Making Getting Away with Murder(s)
Filming started in the Nazi extermination camp of Auschwitz-Birkenau. After that David and his director of photography, Don McVey, moved on to Lithuania and Latvia to cover mass killings that took place in small villages, and finally on to the Czech Republic to film details of non-Jewish murders. (While the Holocaust is most closely associated with Jewish people, of whom the Nazis killed approximately six million, they murdered around eleven million people in total, including Roma and Sinti, disabled and LGBT people, among others.) David and his team were desperate to get the filming done while the UK was still in the EU. It would be a lot more difficult to make the film now that Brexit has curtailed freedom movement for UK citizens.
The genesis of the film, which David has been making for the past three years, occurred 18 years ago while he was releasing a film called Taking Sides by Sir Ronald Harwood. Hollywood actor Harvey Keitel was fronting the interviews, but was unavailable to do promotion in the UK, so Harwood became the UK frontman. They spent a lot of time together. Harwood covered the Holocaust in most of his plays and screenplays: “The Holocaust informed him.”
One day they got to chatting about why Nazi murder cases pop up decades later. Harwood thought it was a good idea for David to pursue. David meant to make it before Postcards from the 48%, but put it on hold due to the political situation. He had not raised money for it and was becoming angry at rising anti-Semitism within the Labour Party, which he believed was just as bad in the Tory Party.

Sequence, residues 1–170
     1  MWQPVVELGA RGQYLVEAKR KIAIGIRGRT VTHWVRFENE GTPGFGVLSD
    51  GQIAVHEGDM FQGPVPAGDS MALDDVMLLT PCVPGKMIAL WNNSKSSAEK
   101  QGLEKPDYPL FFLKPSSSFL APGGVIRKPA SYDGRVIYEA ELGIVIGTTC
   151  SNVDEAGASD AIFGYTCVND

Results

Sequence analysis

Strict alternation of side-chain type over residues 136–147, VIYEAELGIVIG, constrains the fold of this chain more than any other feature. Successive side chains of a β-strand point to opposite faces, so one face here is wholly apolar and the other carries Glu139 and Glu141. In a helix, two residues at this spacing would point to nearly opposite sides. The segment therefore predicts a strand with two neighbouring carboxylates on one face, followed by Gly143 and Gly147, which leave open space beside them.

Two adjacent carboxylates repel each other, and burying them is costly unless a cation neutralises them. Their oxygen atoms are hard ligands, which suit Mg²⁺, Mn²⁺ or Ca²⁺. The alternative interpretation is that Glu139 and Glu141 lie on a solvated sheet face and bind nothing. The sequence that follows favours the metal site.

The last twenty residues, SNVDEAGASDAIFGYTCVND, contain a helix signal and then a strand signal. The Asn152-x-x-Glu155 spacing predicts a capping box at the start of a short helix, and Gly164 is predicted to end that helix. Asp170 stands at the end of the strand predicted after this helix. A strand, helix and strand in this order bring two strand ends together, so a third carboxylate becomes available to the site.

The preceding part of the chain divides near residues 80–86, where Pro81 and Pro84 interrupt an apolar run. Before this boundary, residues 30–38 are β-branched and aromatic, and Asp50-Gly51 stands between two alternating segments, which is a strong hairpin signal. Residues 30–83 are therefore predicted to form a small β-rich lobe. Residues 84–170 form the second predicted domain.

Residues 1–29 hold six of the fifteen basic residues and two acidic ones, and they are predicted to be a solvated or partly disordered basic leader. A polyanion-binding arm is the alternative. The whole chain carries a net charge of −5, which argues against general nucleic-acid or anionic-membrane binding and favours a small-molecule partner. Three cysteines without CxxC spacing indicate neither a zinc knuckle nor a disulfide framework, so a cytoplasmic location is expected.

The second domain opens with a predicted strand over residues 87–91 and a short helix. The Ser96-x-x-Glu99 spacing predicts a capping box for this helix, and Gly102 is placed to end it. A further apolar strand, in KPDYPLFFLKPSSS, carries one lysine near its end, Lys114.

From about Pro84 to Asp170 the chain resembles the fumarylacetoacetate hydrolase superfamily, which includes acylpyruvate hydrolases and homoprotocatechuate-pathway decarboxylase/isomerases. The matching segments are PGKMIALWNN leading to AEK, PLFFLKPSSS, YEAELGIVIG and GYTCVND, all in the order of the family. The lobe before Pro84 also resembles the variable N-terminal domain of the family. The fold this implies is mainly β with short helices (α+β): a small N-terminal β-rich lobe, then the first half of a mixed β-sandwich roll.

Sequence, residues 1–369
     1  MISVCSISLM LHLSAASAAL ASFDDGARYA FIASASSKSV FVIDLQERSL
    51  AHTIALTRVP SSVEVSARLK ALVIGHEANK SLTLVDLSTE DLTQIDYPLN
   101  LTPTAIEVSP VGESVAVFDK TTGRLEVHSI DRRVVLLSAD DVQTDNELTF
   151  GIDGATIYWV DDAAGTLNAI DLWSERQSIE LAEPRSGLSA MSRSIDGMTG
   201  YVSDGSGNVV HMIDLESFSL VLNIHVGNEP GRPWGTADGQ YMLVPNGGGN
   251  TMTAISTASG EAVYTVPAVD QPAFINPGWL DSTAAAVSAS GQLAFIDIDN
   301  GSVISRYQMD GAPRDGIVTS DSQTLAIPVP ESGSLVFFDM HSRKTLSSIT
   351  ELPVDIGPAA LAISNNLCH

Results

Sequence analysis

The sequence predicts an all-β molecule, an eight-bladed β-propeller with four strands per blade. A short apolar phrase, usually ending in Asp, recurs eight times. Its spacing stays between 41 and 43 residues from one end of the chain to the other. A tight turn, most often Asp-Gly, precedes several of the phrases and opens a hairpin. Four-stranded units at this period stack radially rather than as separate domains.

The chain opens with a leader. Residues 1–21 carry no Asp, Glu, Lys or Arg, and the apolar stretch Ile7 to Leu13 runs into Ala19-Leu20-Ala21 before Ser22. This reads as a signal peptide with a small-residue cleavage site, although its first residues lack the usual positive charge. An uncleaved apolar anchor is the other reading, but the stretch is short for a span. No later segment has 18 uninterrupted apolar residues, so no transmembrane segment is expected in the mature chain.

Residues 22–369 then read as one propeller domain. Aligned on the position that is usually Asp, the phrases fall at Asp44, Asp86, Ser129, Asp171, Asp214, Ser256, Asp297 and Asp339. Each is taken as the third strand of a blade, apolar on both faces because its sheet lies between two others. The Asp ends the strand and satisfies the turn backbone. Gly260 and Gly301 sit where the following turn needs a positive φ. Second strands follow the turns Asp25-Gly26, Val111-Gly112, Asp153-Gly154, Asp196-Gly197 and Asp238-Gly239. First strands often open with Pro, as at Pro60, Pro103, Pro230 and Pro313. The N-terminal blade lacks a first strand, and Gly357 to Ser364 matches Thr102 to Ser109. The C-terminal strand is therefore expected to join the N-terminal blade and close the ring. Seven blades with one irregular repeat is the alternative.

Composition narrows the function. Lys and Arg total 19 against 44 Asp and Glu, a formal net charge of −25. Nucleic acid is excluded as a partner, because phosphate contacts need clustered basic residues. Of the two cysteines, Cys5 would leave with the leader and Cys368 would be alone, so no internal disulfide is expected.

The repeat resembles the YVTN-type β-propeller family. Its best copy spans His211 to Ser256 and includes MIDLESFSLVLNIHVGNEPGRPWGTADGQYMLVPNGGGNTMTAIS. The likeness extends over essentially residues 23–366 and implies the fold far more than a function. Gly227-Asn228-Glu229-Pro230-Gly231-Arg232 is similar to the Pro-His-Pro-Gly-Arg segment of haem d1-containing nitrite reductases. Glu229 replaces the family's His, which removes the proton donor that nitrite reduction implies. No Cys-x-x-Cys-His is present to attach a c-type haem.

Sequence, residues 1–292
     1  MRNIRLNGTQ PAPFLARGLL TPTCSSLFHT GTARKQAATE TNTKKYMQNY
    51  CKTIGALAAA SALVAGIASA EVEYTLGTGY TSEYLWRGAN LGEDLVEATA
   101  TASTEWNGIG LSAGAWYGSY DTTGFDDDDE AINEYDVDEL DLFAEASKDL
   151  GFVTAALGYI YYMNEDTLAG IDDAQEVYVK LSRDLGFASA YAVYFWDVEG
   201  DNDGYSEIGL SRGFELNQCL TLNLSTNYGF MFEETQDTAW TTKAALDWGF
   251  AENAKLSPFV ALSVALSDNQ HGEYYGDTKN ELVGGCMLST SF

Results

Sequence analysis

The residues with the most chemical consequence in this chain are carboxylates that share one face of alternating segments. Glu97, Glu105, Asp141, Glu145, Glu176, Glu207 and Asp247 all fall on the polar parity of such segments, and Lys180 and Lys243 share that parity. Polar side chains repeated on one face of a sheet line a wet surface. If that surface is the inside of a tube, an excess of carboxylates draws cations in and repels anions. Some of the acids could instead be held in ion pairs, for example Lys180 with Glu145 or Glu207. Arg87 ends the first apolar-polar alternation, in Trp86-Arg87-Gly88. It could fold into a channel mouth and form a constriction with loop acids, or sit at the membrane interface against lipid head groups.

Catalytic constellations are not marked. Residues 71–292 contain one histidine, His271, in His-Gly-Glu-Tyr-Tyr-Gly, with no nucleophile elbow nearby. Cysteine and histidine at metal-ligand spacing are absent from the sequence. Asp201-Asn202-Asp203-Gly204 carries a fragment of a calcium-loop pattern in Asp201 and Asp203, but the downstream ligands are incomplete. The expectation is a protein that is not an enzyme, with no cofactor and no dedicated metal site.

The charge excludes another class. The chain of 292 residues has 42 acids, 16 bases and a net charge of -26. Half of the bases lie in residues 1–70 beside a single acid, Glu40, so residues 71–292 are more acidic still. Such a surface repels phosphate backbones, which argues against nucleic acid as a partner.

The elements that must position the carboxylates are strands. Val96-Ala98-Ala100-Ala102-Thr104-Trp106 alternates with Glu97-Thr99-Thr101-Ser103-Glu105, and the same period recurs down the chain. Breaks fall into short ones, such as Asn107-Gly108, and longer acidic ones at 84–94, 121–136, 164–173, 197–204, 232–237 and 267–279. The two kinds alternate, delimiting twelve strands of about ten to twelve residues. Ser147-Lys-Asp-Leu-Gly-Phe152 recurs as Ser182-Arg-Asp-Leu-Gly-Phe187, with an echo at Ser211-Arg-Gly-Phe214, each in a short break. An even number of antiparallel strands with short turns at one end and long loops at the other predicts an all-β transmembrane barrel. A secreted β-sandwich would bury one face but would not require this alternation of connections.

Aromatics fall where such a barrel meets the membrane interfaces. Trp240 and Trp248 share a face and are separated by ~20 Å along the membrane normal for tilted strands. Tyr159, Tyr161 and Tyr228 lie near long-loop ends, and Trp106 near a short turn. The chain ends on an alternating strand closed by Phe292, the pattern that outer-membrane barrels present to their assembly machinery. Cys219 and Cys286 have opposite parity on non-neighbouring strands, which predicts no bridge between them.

During filming, the thing that shocked David most was that the house Hitler grew up in is still standing, and is lived in now. He feels it should have been bulldozed. Hitler continues to provide inspiration to the far right and white supremacists today. Former US president Donald Trump admitted he had a book of Hitler’s speeches on his bedside table, for example. Fabricating the narrative that the election would be stolen long before it even took place was a typically Hitleresque thing to do. In the UK, erstwhile special advisor Dominic Cummings appeared to swot up on Goebbels’ communication techniques, built them into the Tory communications’ playbook and encouraged their use on the unsuspecting British public.
It is timely that the film is coming out now, as 2021 is the75th anniversary of the end of the International Military Tribunal at Nuremburg, which Churchill was heavily involved in bringing to fruition. After that first trial, the Russians, French and British pulled out, while the US went on to do 12 more trials. There were over 400 suspected Nazi criminals living in the UK at the time, but only one was ever prosecuted — 53 years after arriving here He was charged with killing 18 Jewish people, even though he killed many more. That makes him a more prolific murderer than both the Rippers. One of those 400 suspects is still alive …
This was not a situation unique to the UK. It is estimated that there were 2,000 suspected war criminals in Canada, hundreds in the USA, 60 in Australia and that they were all over South America. Of the almost one million people who carried out the murders, Professor Mary Fulbrook, a leading expert on the causes and aftermath of the Holocaust, estimates that only 7,000 were ever prosecuted.
“It goes against all the precepts of being part of a so-called civilised society,” David says. “Abandoning the quest for justice for those innumerable innocent men, women and children goes against everything British justice is meant to stand for.”
The myth of untold wealth